Make appointments that you know you can keep and arrive on time. If for some unexpected reason you cannot attend, make sure you let us know as soon as possible.

Ask for a home visit only if you are too ill to come to the surgery. If possible, telephone before 10.30 am

Treat us with the same courtesy and respect that you expect to receive.

Be patient if we are running late – on another occasion it might be you who needs the extra time

Do not ask for another member of the family to be seen at your appointment without making prior arrangements.No matter how hard we try, problems can arise. If you are unhappy about any aspect of the service you receive from us please let us know.

We cannot improve our own standards unless we know there is a problem. If you have any concerns about our services, talk to one of the Doctors or the Practice Manager about it.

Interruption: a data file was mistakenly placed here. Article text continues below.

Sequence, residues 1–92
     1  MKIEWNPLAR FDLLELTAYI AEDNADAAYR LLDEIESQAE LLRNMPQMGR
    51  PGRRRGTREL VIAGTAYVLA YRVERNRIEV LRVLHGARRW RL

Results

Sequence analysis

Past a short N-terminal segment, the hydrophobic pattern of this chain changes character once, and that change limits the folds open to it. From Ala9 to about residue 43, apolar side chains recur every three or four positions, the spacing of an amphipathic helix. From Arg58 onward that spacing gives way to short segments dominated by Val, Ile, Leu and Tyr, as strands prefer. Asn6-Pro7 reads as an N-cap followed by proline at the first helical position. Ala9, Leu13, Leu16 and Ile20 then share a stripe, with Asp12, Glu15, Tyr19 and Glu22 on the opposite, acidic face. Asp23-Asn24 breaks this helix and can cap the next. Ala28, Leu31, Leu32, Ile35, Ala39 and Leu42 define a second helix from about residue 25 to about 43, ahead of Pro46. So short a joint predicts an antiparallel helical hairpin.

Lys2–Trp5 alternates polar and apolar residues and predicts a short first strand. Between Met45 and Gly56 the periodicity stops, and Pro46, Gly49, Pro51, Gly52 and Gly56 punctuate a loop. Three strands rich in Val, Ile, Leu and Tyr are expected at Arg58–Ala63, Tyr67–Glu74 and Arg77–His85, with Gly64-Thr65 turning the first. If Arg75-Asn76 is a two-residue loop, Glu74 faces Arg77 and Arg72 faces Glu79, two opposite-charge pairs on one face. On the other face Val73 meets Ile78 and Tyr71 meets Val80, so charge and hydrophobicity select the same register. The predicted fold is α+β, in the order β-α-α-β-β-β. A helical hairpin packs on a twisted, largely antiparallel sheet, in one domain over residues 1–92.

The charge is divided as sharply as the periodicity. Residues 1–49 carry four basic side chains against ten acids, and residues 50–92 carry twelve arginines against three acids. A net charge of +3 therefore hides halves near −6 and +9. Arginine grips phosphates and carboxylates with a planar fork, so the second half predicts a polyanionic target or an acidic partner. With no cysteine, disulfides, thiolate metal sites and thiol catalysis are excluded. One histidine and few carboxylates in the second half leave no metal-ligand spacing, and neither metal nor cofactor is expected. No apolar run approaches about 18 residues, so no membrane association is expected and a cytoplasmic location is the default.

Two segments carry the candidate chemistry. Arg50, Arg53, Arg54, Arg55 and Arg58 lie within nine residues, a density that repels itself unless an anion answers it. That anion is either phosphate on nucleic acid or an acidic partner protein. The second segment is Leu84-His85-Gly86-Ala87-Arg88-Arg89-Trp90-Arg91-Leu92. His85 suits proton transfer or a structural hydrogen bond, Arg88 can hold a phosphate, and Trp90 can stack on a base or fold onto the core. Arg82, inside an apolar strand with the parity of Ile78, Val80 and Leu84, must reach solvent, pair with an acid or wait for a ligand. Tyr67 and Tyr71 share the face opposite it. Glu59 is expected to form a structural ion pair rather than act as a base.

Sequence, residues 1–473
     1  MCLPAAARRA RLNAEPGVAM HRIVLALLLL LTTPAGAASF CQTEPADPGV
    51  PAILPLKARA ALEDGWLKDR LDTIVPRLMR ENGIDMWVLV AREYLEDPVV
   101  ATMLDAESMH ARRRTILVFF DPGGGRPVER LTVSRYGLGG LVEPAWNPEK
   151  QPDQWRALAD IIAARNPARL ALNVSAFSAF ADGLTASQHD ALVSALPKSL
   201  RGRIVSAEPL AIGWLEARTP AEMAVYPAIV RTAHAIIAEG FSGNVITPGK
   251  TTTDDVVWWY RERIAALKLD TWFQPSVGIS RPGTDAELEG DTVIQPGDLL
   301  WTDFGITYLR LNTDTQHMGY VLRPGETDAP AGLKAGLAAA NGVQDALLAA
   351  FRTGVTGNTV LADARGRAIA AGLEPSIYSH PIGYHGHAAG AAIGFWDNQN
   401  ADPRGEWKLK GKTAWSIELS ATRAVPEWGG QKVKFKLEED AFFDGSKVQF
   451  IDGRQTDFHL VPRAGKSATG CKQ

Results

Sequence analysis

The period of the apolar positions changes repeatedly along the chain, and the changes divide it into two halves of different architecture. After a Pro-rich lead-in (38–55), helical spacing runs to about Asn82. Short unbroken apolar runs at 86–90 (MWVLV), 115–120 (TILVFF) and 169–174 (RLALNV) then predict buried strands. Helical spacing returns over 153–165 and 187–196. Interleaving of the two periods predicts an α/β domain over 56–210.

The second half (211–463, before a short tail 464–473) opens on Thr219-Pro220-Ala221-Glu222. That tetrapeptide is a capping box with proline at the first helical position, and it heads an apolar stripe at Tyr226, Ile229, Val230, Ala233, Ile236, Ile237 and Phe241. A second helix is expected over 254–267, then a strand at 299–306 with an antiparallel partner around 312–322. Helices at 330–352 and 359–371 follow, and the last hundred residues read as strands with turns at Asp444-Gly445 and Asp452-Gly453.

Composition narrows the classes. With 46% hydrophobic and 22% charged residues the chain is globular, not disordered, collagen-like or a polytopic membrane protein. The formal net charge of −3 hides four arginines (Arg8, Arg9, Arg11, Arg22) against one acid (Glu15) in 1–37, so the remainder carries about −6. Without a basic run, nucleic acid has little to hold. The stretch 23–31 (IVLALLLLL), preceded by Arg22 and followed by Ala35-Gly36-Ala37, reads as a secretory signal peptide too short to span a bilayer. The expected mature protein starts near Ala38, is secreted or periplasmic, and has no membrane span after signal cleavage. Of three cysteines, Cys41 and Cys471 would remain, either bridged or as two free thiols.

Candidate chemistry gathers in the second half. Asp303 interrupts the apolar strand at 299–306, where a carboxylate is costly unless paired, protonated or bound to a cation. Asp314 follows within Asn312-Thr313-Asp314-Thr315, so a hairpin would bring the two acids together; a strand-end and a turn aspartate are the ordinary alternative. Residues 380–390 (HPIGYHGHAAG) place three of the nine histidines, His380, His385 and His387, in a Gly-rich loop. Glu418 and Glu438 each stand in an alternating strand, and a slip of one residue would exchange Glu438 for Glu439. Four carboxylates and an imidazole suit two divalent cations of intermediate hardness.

General Data Protection Regulation GDPR

- What is a Privacy Notice?

A Privacy Notice (or ‘Fair Processing Notice’) is an explanation of what information the Practice collects on patients, and how it is used. Being transparent and providing clear information to patients about how a Practice uses their personal data is an essential requirement of the Data Protection Act 1998.

Under the DPA, the first principle is to process personal data in a fair and lawful manner, and applies to everything that is done with patient’s personal information. In practice, this means that the Practice must;

  • have legitimate reasons for the use or collection of personal data
  • not use the data in a way that may cause adverse effects on the individuals (e.g. improper sharing of their information with 3rd parties)
  • be transparent about how you the data will be used, and give appropriate privacy notices when collecting their personal data